“Mr. Mayor, Tear Down This House!”
The average size of American homes has increased dramatically in the post-war period. (And by post-war, I mean post-World War II, not post-Grenada.) The average size of a home has increased from 909 sq. ft. in 1949 to 2,480 sq. ft. by 2021.
Where do we put these larger homes? Well, obviously, many of them are new homes in outer suburbs around the country. But many of them are also infill housing, which simply means someone (often a developer or rehabber who plans to flip the property) buys an older home in a developed area and either substantially remodels it or tears it down and rebuilds from scratch. Usually, as the trend above indicates and the profit margin often requires, the new “infill” house is larger than the prior house. Because there are two constants in life—change and people complaining about change—infill housing often becomes a public policy issue.
While many cities have dealt with the issue of infill housing in Missouri, two cities are debating the issue right now. Columbia and Glendale are both considering changing their municipal codes to address infill housing, though Columbia at least for now has decided against any changes. The objections in both places—and basically everywhere this debate occurs—are very similar. I agree with some and disagree with some. In Columbia, supporters of a moratorium on in-fill development in part of the city described the concerns thusly:
Infill development doesn’t match the character or the scale of the existing neighborhood, historic buildings are not adequately protected, there is a lack of affordable housing, and the areas need better storm water management, stronger development buffers and increased walkability.
Remember, these aren’t really zoning disputes. In many cases, you have single family homes replaced by larger single-family homes. The infill housing in question in Columbia is a bit different, given that it’s a college town with more multi-family (i.e. student) housing in the area. Let’s start with where I agree with some limits or regulations on in-fill housing, which are the very real concerns about the stormwater and flooding issues. That is a big part of the Glendale debate. Tearing down an older home and replacing it with a larger home often involves filling up much more of the lot with concrete and asphalt, with much less space to retain water. Just a few of these infill houses on a block can mean worse flooding for downhill neighbors. These water issues are a legitimate issue for cities to address, either by requiring improved stormwater systems or requiring minimum greenspace on a lot.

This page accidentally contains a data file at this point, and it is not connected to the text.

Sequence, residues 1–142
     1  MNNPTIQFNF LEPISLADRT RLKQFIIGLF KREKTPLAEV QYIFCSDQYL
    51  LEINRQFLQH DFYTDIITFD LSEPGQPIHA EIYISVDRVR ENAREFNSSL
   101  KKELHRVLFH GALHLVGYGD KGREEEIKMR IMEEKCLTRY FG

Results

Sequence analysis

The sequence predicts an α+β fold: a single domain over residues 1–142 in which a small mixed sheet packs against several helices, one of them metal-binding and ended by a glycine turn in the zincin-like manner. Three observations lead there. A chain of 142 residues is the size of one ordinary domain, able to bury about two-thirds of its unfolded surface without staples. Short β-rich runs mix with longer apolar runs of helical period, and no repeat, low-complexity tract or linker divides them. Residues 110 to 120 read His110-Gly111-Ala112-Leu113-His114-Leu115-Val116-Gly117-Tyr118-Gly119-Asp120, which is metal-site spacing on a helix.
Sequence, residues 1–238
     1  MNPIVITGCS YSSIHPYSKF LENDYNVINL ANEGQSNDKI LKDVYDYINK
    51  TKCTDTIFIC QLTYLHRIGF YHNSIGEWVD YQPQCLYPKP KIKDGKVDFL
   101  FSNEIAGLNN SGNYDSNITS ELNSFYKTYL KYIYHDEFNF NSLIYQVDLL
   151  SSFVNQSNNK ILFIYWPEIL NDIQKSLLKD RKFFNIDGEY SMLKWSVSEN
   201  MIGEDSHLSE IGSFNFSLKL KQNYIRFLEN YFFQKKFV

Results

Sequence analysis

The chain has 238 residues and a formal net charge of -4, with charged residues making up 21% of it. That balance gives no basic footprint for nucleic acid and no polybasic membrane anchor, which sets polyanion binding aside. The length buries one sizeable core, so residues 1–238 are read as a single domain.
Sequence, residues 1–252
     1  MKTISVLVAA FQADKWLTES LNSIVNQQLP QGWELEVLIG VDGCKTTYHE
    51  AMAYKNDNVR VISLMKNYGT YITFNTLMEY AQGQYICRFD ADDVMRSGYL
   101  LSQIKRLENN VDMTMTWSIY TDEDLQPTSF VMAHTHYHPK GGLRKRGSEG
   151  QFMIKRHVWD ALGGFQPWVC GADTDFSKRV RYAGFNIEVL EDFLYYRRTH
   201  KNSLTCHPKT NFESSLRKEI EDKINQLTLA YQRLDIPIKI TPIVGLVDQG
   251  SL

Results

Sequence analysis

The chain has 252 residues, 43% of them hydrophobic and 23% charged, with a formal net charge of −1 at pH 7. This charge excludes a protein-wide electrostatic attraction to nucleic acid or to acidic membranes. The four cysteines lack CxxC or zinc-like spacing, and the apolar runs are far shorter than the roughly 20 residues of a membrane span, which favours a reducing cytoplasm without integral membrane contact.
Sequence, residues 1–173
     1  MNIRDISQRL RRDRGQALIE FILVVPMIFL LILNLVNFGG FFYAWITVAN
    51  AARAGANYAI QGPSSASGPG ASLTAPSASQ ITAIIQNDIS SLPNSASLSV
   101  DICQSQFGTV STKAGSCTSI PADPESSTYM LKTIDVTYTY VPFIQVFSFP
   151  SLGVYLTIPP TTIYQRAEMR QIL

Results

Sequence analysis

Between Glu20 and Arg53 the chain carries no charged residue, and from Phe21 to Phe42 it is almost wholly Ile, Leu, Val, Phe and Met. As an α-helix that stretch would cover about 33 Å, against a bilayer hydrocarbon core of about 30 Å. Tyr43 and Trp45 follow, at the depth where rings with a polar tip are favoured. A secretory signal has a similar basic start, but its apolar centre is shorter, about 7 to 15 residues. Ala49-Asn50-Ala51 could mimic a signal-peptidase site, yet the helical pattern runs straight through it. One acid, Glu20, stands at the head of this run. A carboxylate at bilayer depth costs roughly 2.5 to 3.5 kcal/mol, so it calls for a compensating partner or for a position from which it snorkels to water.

What don’t I agree with? Generally, the neighborhood character argument. As people objecting to a development in St. Louis County a decade ago phrased it:
The “McMansions” of Berra’s proposed Estates are too large for small lots and are crammed together to maximize profits, while irrevocably changing the character and density of a treasured neighborhood, 15 residents living near Schuessler Road told the panel. They presented a petition with 186 signatures opposing the development.
The character of a neighborhood is not for the government to decide. That is best left to market decisions or homeowner indentures (which are now easier to amend in Missouri). Yes, the difference between neighborhood indentures and government zoning and regulations may seem small, but I think it is important. There are many aspects of life we do because of social commitments, not government mandates or laws. I can sympathize with objections based on size of the homes, etc., even if I don’t agree with them. I have much less sympathy for government regulations on “neighborhood character” issues like siding, color, heights, plywood, and so on. Those are decisions for people to make with their property, not the government, even in instances where the neighbors may reasonably hate it.